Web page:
Invest n Retire, a recordkeeper based in Portland, Ore., that specializes in offering ETFs to defined-contribution plans, recently released a white paper calling for a “revolution in the retirement industry, the core of which is an entirely new structure designed around exclusively offering exchange-traded funds as investment options.”
Neil Plein, vice president of sales and marketing for Invest n Retire and author of the paper, calls this strategy the “only truly viable way to enact the type of technological change participants urgently need to build higher average retirement balances on a macro scale.”
Mutual fund proponents may claim that low-cost index mutual funds can do the job of ETFs in a retirement plan, Plein writes. He argues, however, that since an ETF and an index mutual fund can track the same index, a lower cost ETF is the better investment. Mutual funds, he writes, have inherent costs like “brokerage commissions, ‘market impact costs’ and spreads” that ETFs don’t have.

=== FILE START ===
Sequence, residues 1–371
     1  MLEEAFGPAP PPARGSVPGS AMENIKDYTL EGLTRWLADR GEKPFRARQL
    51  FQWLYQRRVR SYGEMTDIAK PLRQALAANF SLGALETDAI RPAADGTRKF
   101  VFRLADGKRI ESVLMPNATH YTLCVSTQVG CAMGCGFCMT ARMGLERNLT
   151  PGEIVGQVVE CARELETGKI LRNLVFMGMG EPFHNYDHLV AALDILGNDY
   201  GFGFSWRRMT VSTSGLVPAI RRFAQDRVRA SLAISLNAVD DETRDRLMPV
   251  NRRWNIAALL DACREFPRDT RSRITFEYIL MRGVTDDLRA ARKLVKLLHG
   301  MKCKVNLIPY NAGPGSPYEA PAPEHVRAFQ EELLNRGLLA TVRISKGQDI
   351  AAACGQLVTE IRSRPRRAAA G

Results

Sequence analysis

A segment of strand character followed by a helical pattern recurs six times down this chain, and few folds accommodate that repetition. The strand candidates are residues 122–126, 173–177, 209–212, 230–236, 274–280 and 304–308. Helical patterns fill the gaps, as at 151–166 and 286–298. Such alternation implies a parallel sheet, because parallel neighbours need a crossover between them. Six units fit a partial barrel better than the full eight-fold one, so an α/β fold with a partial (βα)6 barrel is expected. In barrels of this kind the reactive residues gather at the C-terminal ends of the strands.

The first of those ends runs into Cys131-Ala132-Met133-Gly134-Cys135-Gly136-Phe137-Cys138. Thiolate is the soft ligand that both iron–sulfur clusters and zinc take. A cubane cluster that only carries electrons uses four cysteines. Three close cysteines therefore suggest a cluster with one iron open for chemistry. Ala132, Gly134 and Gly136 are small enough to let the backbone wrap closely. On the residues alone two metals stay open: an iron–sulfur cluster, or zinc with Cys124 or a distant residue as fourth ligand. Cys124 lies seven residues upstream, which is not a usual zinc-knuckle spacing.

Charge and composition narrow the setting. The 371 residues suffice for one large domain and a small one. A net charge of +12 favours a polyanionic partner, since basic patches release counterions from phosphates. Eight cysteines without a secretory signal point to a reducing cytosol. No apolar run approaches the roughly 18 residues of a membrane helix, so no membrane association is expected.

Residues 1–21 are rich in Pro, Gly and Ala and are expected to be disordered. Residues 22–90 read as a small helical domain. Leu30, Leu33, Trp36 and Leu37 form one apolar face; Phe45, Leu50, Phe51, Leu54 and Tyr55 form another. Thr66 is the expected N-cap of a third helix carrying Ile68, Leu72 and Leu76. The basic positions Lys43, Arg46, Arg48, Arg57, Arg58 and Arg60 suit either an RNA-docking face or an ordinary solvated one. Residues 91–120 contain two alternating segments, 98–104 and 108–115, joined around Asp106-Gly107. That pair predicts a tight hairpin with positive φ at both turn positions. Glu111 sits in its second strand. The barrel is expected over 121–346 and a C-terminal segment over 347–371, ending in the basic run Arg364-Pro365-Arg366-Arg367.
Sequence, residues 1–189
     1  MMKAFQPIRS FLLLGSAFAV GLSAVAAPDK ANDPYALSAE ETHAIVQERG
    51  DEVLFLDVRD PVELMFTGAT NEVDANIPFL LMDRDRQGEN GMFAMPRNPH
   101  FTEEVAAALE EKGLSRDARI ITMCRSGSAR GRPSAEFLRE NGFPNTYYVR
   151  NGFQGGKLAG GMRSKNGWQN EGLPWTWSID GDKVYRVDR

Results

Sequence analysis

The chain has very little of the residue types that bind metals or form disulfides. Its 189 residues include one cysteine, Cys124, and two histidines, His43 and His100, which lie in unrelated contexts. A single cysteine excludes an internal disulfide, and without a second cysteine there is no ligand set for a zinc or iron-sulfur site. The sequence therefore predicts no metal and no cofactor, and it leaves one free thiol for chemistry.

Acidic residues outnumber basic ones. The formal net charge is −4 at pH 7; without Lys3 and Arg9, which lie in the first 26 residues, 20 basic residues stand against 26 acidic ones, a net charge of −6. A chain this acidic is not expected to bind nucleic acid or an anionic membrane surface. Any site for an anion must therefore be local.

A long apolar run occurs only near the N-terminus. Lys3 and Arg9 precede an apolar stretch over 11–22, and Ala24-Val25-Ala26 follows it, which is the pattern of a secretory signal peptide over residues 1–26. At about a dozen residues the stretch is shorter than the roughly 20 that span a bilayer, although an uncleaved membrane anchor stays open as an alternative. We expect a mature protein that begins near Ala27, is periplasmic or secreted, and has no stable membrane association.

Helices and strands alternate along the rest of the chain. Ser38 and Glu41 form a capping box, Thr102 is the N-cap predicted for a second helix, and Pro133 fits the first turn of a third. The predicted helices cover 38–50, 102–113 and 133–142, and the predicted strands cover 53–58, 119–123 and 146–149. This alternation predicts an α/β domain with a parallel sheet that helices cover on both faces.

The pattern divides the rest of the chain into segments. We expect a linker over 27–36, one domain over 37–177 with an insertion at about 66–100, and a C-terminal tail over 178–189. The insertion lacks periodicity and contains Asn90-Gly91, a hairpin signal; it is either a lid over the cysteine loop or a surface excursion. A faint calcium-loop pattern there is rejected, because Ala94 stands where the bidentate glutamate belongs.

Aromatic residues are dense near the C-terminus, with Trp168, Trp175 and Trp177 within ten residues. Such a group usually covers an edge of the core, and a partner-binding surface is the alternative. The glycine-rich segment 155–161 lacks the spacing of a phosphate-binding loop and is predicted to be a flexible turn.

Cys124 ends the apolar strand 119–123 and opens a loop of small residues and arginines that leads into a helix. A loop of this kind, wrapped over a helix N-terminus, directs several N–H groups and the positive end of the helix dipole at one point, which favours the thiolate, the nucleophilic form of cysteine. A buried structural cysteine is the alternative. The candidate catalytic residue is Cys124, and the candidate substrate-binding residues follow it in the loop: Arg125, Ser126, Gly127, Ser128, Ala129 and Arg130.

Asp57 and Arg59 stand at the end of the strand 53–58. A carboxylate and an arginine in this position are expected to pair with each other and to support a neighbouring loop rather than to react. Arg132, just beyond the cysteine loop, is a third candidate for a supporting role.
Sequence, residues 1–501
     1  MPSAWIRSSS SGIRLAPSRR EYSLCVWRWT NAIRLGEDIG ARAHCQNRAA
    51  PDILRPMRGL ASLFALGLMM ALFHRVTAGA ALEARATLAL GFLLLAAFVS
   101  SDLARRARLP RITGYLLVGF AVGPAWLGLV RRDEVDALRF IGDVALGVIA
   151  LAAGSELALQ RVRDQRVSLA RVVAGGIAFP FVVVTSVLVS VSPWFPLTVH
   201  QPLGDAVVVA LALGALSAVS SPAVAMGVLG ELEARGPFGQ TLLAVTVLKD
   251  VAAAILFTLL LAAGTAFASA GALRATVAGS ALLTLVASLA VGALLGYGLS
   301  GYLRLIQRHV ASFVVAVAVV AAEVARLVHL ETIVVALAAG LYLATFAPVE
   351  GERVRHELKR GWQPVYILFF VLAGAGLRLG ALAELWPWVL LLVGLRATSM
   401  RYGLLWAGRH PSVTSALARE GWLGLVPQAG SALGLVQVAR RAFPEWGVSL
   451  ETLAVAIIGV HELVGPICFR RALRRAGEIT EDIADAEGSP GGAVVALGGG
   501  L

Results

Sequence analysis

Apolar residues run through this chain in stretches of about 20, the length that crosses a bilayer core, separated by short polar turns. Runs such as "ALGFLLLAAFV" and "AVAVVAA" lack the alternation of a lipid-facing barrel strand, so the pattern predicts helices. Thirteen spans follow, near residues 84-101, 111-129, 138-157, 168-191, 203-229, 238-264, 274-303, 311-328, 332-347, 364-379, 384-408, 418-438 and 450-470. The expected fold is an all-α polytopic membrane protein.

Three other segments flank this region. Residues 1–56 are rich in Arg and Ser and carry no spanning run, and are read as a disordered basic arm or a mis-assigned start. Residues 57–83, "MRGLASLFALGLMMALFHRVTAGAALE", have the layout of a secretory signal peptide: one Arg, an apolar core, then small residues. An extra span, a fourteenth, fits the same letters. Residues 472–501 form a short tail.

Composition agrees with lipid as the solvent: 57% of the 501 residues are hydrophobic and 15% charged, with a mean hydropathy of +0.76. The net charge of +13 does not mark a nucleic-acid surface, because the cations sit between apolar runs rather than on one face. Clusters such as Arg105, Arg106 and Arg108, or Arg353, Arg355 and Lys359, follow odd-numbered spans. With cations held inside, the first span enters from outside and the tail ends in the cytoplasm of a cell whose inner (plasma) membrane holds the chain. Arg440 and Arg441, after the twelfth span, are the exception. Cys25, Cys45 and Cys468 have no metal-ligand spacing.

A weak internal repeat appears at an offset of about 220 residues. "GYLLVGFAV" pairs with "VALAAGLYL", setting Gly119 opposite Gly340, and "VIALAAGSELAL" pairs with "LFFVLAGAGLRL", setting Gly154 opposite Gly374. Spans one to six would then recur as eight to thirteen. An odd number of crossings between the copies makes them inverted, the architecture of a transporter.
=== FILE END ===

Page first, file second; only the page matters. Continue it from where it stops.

Plein points to a 2007 John Hancock study that found a majority of surveyed retirement plan participants would have fared better in a lifestyle portfolio than they did picking their own investments. A June 2011 study from Vanguard found that more retirement plan participants were using professionally managed automatic investment programs. A September 2011 report form Aon Hewitt and Financial Engines found that investors who use professional management tend to have higher average portfolio balances, according to Plein.